Law Releasing Prisoners to Avoid COVID-19 Outbreaks" in Prisons is a Violation of International Human Rights Laws, "US congresswoman Caroline Maloney said in a message to Secretary of State Mike Pompeo.
Turkey passed a law on April 14 to release up to 90,000 prisoners, by extending the criteria for granting early release, however, the pandemic mitigation measure did not include thousands of people who had been in previous detention or were imprisoned under "anti-terrorism" laws widely defined in Turkey.
Among the prisoners excluded are lawyers, journalists, politicians, teachers, civil servants, artists and human rights defenders.
In the message, posted on the Twitter account of a Democrat, Caroline Maloni Pompeo urged public pressure on the Turkish government to amend the amnesty law and release political prisoners on humanitarian grounds.
"It is quite clear, with the exclusion of these political prisoners, that the Turkish government pursues policies of discrimination against some prisoners on the basis of their political opinions, in clear violation of its obligations under international human rights laws," wrote Caroline Maloney.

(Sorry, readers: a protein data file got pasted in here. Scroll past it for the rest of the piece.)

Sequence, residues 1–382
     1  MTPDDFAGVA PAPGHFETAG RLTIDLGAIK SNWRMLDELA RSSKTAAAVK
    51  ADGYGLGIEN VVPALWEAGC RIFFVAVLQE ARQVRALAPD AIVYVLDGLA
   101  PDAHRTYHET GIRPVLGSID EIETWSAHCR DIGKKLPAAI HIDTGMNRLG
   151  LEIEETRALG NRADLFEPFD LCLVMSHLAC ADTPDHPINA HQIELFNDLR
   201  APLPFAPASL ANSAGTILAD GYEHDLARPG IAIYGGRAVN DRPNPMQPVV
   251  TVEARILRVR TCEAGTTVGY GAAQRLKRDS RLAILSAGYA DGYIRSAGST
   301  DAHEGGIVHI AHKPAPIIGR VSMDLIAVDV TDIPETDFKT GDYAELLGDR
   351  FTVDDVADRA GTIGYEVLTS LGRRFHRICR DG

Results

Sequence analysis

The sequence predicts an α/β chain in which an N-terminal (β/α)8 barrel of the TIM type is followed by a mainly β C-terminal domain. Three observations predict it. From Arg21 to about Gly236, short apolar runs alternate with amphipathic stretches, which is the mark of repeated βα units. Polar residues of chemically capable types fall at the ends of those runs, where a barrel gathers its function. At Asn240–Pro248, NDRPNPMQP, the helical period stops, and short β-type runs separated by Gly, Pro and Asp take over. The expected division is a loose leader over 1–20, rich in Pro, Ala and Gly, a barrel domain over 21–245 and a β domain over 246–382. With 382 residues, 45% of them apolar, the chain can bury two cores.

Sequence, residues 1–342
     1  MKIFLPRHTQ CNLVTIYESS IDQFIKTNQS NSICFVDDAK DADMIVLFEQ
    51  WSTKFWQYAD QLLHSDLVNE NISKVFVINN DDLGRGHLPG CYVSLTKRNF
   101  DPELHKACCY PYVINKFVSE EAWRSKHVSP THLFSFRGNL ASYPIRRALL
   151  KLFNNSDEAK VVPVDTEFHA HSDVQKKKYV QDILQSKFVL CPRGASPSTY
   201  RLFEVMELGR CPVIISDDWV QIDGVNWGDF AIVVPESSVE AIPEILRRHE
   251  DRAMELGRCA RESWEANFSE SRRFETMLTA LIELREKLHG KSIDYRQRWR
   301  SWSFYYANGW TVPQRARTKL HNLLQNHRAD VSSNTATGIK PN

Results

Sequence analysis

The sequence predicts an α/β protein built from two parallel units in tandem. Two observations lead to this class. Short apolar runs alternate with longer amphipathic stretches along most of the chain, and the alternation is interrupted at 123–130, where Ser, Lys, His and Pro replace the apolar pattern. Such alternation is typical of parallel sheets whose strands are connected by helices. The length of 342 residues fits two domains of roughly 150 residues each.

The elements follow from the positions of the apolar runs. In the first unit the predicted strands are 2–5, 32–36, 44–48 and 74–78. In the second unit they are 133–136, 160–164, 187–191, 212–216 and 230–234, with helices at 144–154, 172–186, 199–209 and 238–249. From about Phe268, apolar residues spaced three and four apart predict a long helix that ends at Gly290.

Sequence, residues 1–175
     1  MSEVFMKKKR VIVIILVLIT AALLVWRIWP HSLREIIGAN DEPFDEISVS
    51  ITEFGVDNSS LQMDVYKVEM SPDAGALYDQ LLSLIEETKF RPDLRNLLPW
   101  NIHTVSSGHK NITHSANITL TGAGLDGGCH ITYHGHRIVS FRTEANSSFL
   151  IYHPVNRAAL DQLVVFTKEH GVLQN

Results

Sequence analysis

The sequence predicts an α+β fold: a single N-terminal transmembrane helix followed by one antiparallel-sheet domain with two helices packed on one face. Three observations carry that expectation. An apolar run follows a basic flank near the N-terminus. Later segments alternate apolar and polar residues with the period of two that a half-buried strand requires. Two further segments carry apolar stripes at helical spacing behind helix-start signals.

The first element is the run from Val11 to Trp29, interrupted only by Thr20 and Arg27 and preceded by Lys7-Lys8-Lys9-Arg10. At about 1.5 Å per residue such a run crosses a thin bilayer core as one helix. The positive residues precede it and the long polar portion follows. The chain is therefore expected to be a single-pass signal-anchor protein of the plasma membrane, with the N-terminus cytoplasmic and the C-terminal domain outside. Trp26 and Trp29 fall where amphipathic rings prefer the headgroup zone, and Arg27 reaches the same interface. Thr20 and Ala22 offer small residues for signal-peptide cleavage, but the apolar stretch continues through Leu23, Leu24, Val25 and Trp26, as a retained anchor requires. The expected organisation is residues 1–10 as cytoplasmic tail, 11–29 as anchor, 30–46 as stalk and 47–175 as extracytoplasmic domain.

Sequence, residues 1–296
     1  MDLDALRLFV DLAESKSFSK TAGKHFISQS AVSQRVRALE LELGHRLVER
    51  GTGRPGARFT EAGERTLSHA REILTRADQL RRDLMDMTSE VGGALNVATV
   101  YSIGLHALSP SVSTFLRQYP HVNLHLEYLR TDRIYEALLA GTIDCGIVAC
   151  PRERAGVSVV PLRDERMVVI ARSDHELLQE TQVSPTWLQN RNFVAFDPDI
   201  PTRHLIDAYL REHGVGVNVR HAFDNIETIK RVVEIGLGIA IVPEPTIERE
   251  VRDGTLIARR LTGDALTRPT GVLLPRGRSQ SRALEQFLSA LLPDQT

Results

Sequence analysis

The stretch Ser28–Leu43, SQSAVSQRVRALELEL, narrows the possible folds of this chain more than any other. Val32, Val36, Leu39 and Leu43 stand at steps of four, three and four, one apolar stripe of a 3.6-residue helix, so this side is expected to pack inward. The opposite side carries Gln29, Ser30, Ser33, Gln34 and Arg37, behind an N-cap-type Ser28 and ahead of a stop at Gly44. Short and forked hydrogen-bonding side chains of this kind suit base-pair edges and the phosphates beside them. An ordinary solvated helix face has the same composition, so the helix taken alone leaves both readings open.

"Many of these prisoners have been arrested and falsely accused of supporting terrorism just for exercising their rights to freedom of expression and peaceful assembly."
Caroline Malone, at the end of her letter, also urged Pompeo to put pressure the Turkish government to amend the law whereby these prisoners would be released.
The message came after a report by the agency of Mesopotamia announced 107 positive cases of coronavirus in Turkey's Silivri prison, where there are currently fifteen wards in the prison complex being quarantined, and one prisoner died after infecting the virus.
Overcrowding in Turkey's prisons made social exclusion, good hygiene, and other key measures to reduce coronavirus transmission between prisoners impossible, and inmates also reported problems with the quality of food and the medical care they received.